We only have 3 Sitcoms left in our Countdown. Tomorrow, I shall reveal which one has the coveted #1 spot on our list. But today, let's take a look at the two Sitcoms that came down to the wire to earn the bronze and silver medals on our list.
THE 60 BEST SITCOMS - PART V(c)
14. Barney Miller
13. Murphy Brown
11. I Love Lucy
10. Everybody Loves Raymond
9. Night Court
6. The Golden Girls
5. The Simpsons
4. All In the Family
3. The Cosby Show, NBC (1984-1992)
Comedian Bill Cosby had several TV projects under his belt -- each of them with varying degrees of success (I Spy, Fat Albert and The Electric Company among the more notable of them!) -- by the early 1980s. But when Marcy Carsey and Tom Werner (former executives at ABC) wanted to start their own production company, they knew they wanted someone like Mr. Cosby to star in the series to launch that company. What they came up with was not only a great Sitcom, but a groundbreaking one. It was Cosby's decision that the family portrayed in his new Sitcom be a family of financial means. He would play a doctor and the wife (played by the multi-talented Phyllicia Rashad) would be a lawyer. We had seen smart and intelligent African-American parents on TV before this (see Good Times or Julia). But this was one of the first times in Television History that an African-American couple would be portrayed as extremely well-educated and fairly financially independent. As Cliff and Clair Huxtable, Cosby and Rashad had an amazing chemistry. They were loving, tender, caring and sensible not only with their children but with each other. The Huxtables had 5 children: Sondra (Sabrina LeBeauf) was a student at Princeton; Denise (Lisa Bonet) was a typical high school student who became a college student during the run (which spawned the successful spin-off A Different World); Theo (Malcolm-Jamal Warner) was (at the beginning) a 15 year-old boy who wanted nothing in life but just money and women; Vanessa (Tempestt Bledsoe) was (at first) the pre-teen learning about the typical teenage problems and was often in trouble with her mother as years went on; and Rudy (Keshia Knight Pulliam) was the baby of the family at 5 years-old when the series started (she too went through some of the same pre-teen problems Vanessa had encountered towards the end of the series). Each of the kids had a special bond with their parents that made the family that much more relatable to audiences. The show was an instant success and was a #1 show off-and-on for most of the decade. The series not only inspired other shows that prominently featured African-Americans (like The Fresh Prince of Bel-Air or Family Matters), but it also inspired NBC and the other networks to look for more shows they could base on a comedian's family life (see Roseanne, Home Improvement or Everybody Loves Raymond). This Sitcom was truly a favorite of mine growing up and cemented NBC's extremely powerful (and marketable) Thursday "Must See TV" line-up.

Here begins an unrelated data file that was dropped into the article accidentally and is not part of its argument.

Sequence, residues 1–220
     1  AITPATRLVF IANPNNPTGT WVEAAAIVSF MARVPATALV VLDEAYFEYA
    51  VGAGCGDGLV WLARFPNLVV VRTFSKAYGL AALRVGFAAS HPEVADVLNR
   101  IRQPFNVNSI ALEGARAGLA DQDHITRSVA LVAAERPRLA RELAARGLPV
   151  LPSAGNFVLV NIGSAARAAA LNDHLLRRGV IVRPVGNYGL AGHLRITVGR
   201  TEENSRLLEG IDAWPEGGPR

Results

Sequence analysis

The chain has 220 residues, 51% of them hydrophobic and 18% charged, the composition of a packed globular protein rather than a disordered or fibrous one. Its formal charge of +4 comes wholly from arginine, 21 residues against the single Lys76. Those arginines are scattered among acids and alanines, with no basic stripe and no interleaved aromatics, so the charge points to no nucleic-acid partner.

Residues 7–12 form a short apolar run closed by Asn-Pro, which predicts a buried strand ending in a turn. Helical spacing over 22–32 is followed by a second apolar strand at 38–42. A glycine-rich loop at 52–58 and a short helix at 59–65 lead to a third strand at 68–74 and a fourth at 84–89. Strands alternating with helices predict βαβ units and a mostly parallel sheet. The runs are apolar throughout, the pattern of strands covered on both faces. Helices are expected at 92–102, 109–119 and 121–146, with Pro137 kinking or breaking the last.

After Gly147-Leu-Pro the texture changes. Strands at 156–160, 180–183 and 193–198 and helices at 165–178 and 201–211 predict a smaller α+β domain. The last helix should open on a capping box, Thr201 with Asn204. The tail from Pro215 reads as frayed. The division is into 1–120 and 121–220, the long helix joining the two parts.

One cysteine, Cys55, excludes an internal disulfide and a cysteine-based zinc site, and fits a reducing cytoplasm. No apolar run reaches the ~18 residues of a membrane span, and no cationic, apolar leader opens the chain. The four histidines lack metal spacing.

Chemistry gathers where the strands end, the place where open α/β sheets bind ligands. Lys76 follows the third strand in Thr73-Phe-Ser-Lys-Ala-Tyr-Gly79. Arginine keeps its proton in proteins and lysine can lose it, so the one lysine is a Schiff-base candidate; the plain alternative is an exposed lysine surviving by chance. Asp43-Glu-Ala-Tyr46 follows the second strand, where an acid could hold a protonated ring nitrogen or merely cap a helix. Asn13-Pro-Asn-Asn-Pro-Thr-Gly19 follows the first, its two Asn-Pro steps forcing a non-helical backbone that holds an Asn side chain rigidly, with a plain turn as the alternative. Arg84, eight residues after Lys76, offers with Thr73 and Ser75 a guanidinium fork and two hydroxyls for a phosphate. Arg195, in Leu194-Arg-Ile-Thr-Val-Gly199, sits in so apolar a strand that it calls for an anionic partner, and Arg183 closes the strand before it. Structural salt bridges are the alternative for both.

2. M*A*S*H, CBS (1972-1983)
Only 2 Sitcoms share the most Emmy nominations for Best Comedy Series (both shows getting nominated each of their 11 seasons!). The other one, obviously, you will see tomorrow. But this was the first one to gain that record. It also managed to set some other records in the TV History books. Developed by former Sid Caesar writer Larry Gelbart, it was one of the first successful TV shows to be based on a film (a critically acclaimed and Oscar-winning film for that matter!). It was also among a crop of Sitcoms (along with All In the Family and Maude) that constantly blurred the lines between Comedy and Drama, much like the film had. In fact, because of its setting, M*A*S*H so naturally blended those lines that it is now considered (by many within the industry!) to be the forerunner to "the Dramedy." In the series, Alan Alda and Wayne Rogers took on the roles that Donald Sutherland and Elliot Gould had made famous in the film, Captain Benjamin "Hawkeye" Pierce and Captain "Trapper" John McIntyre, respectively. The two surgeons passed their time in Korea by flouting authority and commenting on the senselessness they felt was around them. They were the constant thorn in the side of their imbecilic tent-mate Major Frank Burns (the late Larry Linville) and his off-and-on paramour head nurse Major Margaret "Hot Lips" Hoolihan (the delightful Loretta Swit). As the show went on (over three times as long as the actual Korean War!), Rogers' Trapper John left the series and was replaced by Mike Farrell as Captain B. J. Hunnicut. And for the seriousness of the war to hit home with audiences, they had one of their lead characters (Colonel Henry Blake, played by McLean Stevenson) killed by enemy fire as he was on his way home to the United States (all off-screen, mind you!). The series broke further ground by taking chances with the style of some of their episodes. They did episodes that were done in documentary-style. They did an episode in "real time" (meaning the occurrences within the episode happened within exactly a half-hour!). They did an episode from the point of view of one the soldiers wounded and sent to the 4077th. And in their finale, the CBS Network pulled out all the stops and asked for a 2 and half-hour movie (directed and co-written by Alan Alda!). The finale (which aired in February 1983) became one of the most watched programs of all-time. It is considered (by many!) to be the most memorable finale in Television History (we all remember the iconic "Goodbye" laid out in rocks as Alan Alda rides out of Korea on a helicopter!). The show changed the way we think about Sitcoms to this very day and will always be remembered for its challenging style.